Advantageously, the operator may reassign bank 114 of marker buttons 116a, 116b to additional field characteristics. In the presently preferred embodiment, the operator can reassign bank 114 to represent additional field characteristics by pressing bank switch button 119. As shown in FIG. 1, bank indicator 122 indicates to the operator that the operator may assign a second set of field characteristics (i.e., field characteristics 3 and 4 or "MARKERS 3-4") to bank 114 by pressing bank switch button 119. If the operator wishes to make this reassignment, the operator presses bank switch button 119. In response, bank switch button 119 generates a bank switch signal representing a command to reassign at least one of marker buttons 116a, 116b. Controller 120 receives this bank switch signal and reassigns at least one of marker buttons 116a, 116b in response to the bank switch signal. Controller 120 changes field characteristic indicia 118a, 118b to indicate the new assignments of field characteristics to marker buttons 116a, 116b, and controller 120 also changes bank indicator 122 to indicate to the operator that the operator may assign a third set (or return to the first set) of field characteristics (e.g., field characteristics 5 and 6 or "MARKERS 5-6") to bank 114 by pressing bank switch button 119. Alternatively, bank indicator 122 may change to indicate which bank of field characteristics is currently assigned to marker buttons 116a, 116b. Thus, the operator can scroll through different banks of field characteristics assigned to marker buttons 116a, 116b by repeatedly pressing bank switch button 119.

Referring now to FIGS. 2A-2C, block diagrams of a field characteristic marking system 210 according to a second embodiment of the present invention showing the operation of a second exemplary bank switch function are shown. Referring first to FIG. 2A, system 210 includes an exemplary operator interface 212 coupled to a controller 220. Preferably, interface 212 is a touch screen LCD having portions thereof designated for a bank of marker buttons 214 including marker buttons 216a, 216b, 216c, 216d, field characteristic indicia 218a, 218b, 218c, 218d, a bank switch button 219, and a bank indicator 222. Interface 212 also includes a portion 226 reserved for non-marker interface functions, such as, tractor functions (e.g., an implement up-down control button) or combine functions (e.g., displays of instantaneous and average yield, crop moisture, etc.). Field characteristic indicia 218a, 218b, 218c, 218d and bank indicator 222 are preferably located in the center of marker buttons 216a, 216b, 216c, 216d and bank switch button 219, respectively, for displaying the assignments of buttons 216a, 216b, 216c, 216d and 219.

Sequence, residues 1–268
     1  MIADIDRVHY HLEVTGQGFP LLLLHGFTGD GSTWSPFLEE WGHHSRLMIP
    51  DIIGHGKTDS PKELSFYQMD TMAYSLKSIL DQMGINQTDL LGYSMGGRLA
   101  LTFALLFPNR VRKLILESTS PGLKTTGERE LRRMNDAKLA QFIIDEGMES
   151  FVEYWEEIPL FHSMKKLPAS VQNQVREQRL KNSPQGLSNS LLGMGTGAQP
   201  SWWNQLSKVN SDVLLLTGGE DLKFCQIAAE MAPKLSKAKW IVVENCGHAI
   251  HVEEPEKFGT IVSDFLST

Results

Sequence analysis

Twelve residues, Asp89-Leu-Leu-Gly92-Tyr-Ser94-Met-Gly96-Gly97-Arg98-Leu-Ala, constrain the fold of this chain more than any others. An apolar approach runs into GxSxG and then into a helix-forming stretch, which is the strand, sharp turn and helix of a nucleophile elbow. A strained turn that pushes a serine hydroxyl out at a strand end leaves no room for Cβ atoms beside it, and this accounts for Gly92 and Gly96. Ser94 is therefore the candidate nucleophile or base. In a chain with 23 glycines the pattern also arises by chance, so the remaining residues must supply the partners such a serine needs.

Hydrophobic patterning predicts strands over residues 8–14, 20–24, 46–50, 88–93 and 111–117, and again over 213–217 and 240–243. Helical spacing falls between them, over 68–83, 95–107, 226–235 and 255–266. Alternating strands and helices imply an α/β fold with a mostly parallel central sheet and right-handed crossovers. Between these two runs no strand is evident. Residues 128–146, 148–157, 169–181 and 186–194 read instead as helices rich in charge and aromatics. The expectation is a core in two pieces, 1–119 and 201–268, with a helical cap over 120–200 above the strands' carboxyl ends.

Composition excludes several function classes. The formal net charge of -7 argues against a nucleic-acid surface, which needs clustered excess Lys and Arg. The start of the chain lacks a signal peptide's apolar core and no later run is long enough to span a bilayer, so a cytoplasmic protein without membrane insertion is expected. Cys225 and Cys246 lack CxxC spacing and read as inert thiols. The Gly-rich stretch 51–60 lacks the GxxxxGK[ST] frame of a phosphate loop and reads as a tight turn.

With reference to FIGS. 2A-2C, a system and method according to the present invention of reassigning bank 214 of marker buttons 216a, 216b, 216c, 216d with various field characteristics will now be described. In FIG. 2A, bank 214 includes field characteristics "ROCK", "POLE", "DIP" and "HILL" assigned to marker buttons 216a, 216b, 216c, 216d, respectively, as indicated by field characteristic indicia 218a, 218b, 218c, 218d, respectively. Bank indicia 222 indicates to the operator that additional field characteristics may be assigned to marker buttons 216a, 216b, 216c, 216d by pressing bank switch button 219. In the presently preferred embodiment, pressing bank switch button 219 will reassign marker buttons 216a, 216b, 216c, 216d to field characteristics 5-8 (i.e., "MARKERS 5-8") as indicated by bank indicator 222. As with the embodiment of FIG. 1, when the operator presses bank switch button 219, button 219 generates a bank switch signal representing a command to reassign at least one of the marker buttons and sends the bank switch signal to controller 220 via bus 224. Controller 220 responds by recalling from memory or other storage additional field characteristics (up to four in this embodiment). Controller 220 generates signals to reassign marker buttons 216a, 216b, 216c, 216d to the new field characteristics, to change the displayed field characteristic indicia 218a, 218b, 218c, 218d to correspond to the new field characteristics, to reassign bank switch button 219 to the next set of field characteristics, and to change the displayed bank switch indicator 222 to correspond to the next bank of field characteristics.